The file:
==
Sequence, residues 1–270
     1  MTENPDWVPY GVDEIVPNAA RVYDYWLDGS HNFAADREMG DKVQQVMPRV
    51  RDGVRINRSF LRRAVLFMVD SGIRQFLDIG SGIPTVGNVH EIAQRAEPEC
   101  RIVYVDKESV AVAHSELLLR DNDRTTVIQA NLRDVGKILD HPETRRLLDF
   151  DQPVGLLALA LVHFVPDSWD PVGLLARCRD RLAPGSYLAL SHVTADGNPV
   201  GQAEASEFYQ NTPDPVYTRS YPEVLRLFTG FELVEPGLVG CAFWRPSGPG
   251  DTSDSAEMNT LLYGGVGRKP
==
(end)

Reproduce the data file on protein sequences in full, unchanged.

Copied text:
Sequence, residues 1–270
     1  MTENPDWVPY GVDEIVPNAA RVYDYWLDGS HNFAADREMG DKVQQVMPRV
    51  RDGVRINRSF LRRAVLFMVD SGIRQFLDIG SGIPTVGNVH EIAQRAEPEC
   101  RIVYVDKESV AVAHSELLLR DNDRTTVIQA NLRDVGKILD HPETRRLLDF
   151  DQPVGLLALA LVHFVPDSWD PVGLLARCRD RLAPGSYLAL SHVTADGNPV
   201  GQAEASEFYQ NTPDPVYTRS YPEVLRLFTG FELVEPGLVG CAFWRPSGPG
   251  DTSDSAEMNT LLYGGVGRKP